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Renting issue.

(32 Posts)
pinksugarmouse Mon 20-Jun-16 14:27:33

Ok, I want to know if I'm being unreasonable before I contact the estate agent.

We have a landlord, he owns all the houses on our row. We appear to be the only family and the rest are all sharers. We handed in our notice a while ago due to change of finances meaning the house was over our new budget - landlord very kindly lowered the rent to accommodate our new budget.

However, I can't just have a lazy day with the little ones as he turns up all the time and opens the door and lets himself in to check lightbulbs, talk about him painting the railings, wanting to do a boiler service. Never any notice.

I feel like I can't relax as I'm always waiting for him to turn up, and you know how it is you feel like everything has to be like a show house for landlords and I've got 3 under 3 and I really really need to be able to have the occasional day where I can nap when they nap but I just have to sit in the house on edge, I can't even have a quick shower incase he turns up. It's been 6 times in the past 8 days for various things he wants to do around the house and outside....

dowhatnow Mon 20-Jun-16 14:31:47

YANBU. This is unacceptable.

ReginaBlitz Mon 20-Jun-16 14:32:22

He isn't allowed to turn up without giving notice. You will have to tell him. Otherwise just leave your key on the inside of the door.

EnterFunnyNameHere Mon 20-Jun-16 14:32:47

YANBU that sounds like possibly misplaced kindness of a sort but is still not appropriate for a landlord. Bad enough to turn up unannounced but to just let themselves in is beyond the pale! That would be bad enough from family let alone a landlord!

Do you have a formal tenancy agreement? If so that would often/usually state what notice you should get for any visits.

If not you can be as direct as you want with the estate agents, from gentle (it would be really useful to have notice so my DC are not disturbed / I can plan to be free when needed) to a bit more brutal (no-one should be turning up and letting themselves into our house without our express permission as its against tenants rights).

ReginaBlitz Mon 20-Jun-16 14:33:19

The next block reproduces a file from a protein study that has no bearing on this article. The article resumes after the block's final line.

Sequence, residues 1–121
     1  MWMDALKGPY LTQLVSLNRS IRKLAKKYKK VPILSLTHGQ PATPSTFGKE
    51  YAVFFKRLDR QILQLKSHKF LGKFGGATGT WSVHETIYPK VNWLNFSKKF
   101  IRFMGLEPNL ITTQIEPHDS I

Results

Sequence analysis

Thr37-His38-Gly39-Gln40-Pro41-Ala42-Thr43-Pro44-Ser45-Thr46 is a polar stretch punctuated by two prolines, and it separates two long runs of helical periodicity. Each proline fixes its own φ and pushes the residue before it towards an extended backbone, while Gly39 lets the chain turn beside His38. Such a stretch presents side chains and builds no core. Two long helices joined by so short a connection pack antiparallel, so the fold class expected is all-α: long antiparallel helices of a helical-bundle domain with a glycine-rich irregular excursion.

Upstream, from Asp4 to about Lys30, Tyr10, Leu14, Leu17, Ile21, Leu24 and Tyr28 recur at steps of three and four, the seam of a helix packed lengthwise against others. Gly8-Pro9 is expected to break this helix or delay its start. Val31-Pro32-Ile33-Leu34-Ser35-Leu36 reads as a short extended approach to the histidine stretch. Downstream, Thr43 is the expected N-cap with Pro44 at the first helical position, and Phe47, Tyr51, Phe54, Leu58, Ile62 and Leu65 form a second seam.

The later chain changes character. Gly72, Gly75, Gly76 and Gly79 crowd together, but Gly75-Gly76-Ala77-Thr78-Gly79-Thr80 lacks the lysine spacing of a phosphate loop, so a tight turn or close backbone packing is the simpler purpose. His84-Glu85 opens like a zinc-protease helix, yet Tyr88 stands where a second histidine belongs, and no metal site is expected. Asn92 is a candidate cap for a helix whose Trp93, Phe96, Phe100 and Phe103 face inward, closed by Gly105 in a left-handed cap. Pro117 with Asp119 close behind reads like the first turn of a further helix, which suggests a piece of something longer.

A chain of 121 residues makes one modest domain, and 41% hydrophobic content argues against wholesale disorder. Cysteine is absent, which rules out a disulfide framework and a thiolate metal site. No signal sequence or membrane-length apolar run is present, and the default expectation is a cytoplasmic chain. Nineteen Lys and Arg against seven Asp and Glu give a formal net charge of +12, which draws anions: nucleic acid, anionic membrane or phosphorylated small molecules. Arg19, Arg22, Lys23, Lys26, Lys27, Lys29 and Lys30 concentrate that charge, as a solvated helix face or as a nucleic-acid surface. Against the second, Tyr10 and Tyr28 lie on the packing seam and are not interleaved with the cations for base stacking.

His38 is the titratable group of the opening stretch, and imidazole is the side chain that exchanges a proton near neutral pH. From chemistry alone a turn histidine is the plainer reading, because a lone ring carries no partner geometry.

Ahh sorry tell the estate agent, iM sure it's them that should be the go between anywAy.

pinksugarmouse Mon 20-Jun-16 14:33:22

I wanted to say to him about it but I thought seeing as he's done us such a favour by loweing the rent I don't have a leg to stand on. Feel in debt to him.

pinksugarmouse Mon 20-Jun-16 14:34:53

I've got a lease which does state we are entitled to peaceful enjoyment of the property, instant access for emergencies and 24 hours notice for anything else.

He saw me in my nightie yesterday morning, I couldn't even speak to him properly I was shaking with embarrassment.

carefreeeee Mon 20-Jun-16 14:43:35

It's nice that he lowered the rent but that doesn't change the fact that he should give you 24 hours notice before coming round. Also he should knock not just let himself in. And visiting 6 times in 8 days is excessive for 'quiet enjoyment' unless he is actually doing something. It sounds a bit odd - hasn't he anything better to be doing than checking your light bulbs?

Could you politely say that you find it a bit awkward that he turns up when you aren't dressed and would he mind letting you know the day before if he wants to come round?

ThisisMajorTomtoGroundControl Mon 20-Jun-16 14:46:52

I had one of those landlords and he wasn't doing it out of kindness. Get advice from your tenancy relations team at the local council for advice if you feel you can't bring this up yourself.

Mouikey Mon 20-Jun-16 14:47:49

Is he also visiting when you're not there? I think he is being very silly and opening himself up to all sorts of problems. Contact the estate agents ASAP and explain what has been going on and that you havent had any notice.

dowhatnow Mon 20-Jun-16 14:52:46

I think he may think you owe him after his kindness to you. If it has only just started after he has lowered the rent, then I doubt his intentions are honourable. You do not owe him. It was his choice to lower the rent.

wowfudge Mon 20-Jun-16 14:56:50

It would have cost him a lot more to find a new tenant than it has done to lower the rent, believe me. Only in an emergency or with your express permission can he let himself in. Are you on your own? You don't owe him anything. He made a business decision to agree to lower your rent. End of.

specialsubject Mon 20-Jun-16 14:58:37

obviously against the rules. Go read the how to rent guide on gov.uk.

you can change the locks, as long as you change them back when you leave and make good any damage.